An expert’s point of view on a current event.
Israeli Religious Extremists Are Driving Jewish-Arab Street Violence
During recent unrest in Israel-Palestine, one city was in all the headlines—especially in Israeli media. That city was Lyd (or Lod in Hebrew)—a city that used to be Palestinian before 1948, and nowadays is called a “mixed city” by the Israeli establishment as it is home to both Jews and Arabs. “Binational cities” is another phrase that could accurately describe these complex places.
Before war in Gaza erupted, Lyd saw a wave of mass demonstrations in support of Palestinian Jerusalem families facing expulsion and dispossession in the Sheikh Jarrah neighborhood. These protests were led by young people, and the spontaneous and unpredicted uprising took Israel by surprise and was almost instantly met with police brutality.
Lyd’s youth, much like other youngsters in Haifa, Acre, Jerusalem, and Jaffa (other binational cities in Israel), were not intimidated. Protests turned into violent clashes not just with police but with the city’s Jewish population—to be more precise, with its Jewish settlers. Indeed, much of the city’s Jewish population is made up of relocated settlers who were evacuated from Gaza in 2005 and resettled by the Israeli government in Lyd, dramatically changing the character and politics of the city, which was already haunted by a history of violence and dispossession.
To understand why Lyd’s Palestinians reacted as angrily as they did, we need to go back to 1948. Mainstream Israeli media outlets like to pretend the story began only recently and these so-called riots don’t have any context or background. But all stories have a beginning, a middle, and an end. And without understanding the beginning, the ending won’t be a happy one.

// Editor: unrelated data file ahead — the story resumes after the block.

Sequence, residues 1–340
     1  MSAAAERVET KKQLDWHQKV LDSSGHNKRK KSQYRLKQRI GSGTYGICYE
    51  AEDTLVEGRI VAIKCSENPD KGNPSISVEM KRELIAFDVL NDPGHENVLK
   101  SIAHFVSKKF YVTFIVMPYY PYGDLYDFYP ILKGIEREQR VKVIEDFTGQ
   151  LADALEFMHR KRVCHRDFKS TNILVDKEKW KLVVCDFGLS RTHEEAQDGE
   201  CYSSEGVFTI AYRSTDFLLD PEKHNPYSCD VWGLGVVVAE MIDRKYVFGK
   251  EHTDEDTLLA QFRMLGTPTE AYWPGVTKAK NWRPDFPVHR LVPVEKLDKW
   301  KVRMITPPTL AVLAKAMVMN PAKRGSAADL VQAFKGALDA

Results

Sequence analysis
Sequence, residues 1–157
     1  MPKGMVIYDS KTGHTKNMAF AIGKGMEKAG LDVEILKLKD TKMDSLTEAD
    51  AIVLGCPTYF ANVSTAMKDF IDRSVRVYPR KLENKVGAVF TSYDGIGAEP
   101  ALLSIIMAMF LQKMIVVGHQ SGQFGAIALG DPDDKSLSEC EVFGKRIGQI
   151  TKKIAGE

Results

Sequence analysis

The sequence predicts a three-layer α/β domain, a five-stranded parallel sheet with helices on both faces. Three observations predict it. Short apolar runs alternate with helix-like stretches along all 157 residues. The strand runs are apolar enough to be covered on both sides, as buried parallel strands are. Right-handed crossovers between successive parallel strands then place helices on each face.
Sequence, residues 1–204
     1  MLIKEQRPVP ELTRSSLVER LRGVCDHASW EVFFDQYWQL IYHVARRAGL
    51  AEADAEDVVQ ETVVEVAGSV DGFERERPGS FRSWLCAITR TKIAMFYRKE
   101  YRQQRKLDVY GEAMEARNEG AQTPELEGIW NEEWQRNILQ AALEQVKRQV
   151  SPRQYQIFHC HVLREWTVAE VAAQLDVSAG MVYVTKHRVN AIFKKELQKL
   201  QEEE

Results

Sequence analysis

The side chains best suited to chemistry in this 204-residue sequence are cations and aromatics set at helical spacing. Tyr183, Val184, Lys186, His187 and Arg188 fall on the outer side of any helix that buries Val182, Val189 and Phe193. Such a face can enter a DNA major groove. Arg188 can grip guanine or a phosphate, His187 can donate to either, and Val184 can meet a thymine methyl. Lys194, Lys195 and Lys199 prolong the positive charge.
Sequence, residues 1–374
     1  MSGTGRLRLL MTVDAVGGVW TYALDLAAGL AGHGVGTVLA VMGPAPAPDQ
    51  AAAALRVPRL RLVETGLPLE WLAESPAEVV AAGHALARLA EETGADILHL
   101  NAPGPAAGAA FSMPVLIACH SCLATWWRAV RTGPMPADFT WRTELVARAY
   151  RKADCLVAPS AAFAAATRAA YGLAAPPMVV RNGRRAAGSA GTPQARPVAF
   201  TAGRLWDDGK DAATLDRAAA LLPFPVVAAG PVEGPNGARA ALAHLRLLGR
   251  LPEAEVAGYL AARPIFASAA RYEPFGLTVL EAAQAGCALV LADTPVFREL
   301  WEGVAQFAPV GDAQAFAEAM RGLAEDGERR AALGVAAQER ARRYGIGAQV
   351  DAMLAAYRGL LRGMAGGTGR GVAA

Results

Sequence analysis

Lyd’s occupation and expulsion were accompanied by horrific massacres carried out by Israeli militia groups during the war that led to Israel’s independence and what Palestinians call the Nakba—or catastrophe. From a major economic hub with a population of 50,000 people, according to various historians, only 500 to 1,000 Palestinians were allowed to remain in the city. This was the case with other Palestinian cities like Haifa and Jaffa, places that embodied the urbanization process Palestinian society was going through—a process put to a complete halt by Jewish brigades working to ethnically cleanse the urban space and weaken Palestinian society, which became mainly rural.
The main square in the city is called “Palmach Square” after the brigades who commenced the expulsions. Across the street from that square lies Dahmash mosque. There’s actual writing on that wall: “Here, occupation forces committed a gruesome massacre in 1948.” That massacre resulted in the deaths of an estimated 300 Palestinian men, women, and children. Just to illustrate how traumatic that event was, Palestinians in the city refuse to call the square by its official name, having unofficially named it “Martyrs Square.”
Much of the city’s Jewish population is made up of relocated settlers who were evacuated from Gaza in 2005 and resettled by the Israeli government.
From a city that once connected Palestine to the world (it once had Palestine’s international airport, which is now Israel’s Ben Gurion Airport), it is now a city infested with crime and poverty. In the early 1950s, the young state of Israel decided to demolish most of the emptied city’s houses to prevent future refugees from returning. Nowadays, the old city has a lot of empty lots where once beautiful stone houses used to stand.
During the 1990s, crime in the city reached unbearable levels. One Israeli police official even called it “the drug capital of the Middle East.” The city became infested with drug addicts. I still remember as a child how we used to play soccer while jumping around needles. In one instance, my friends and I needed two posts so we could fashion a goal. We put a bag on one side and a sleeping drug addict on the other.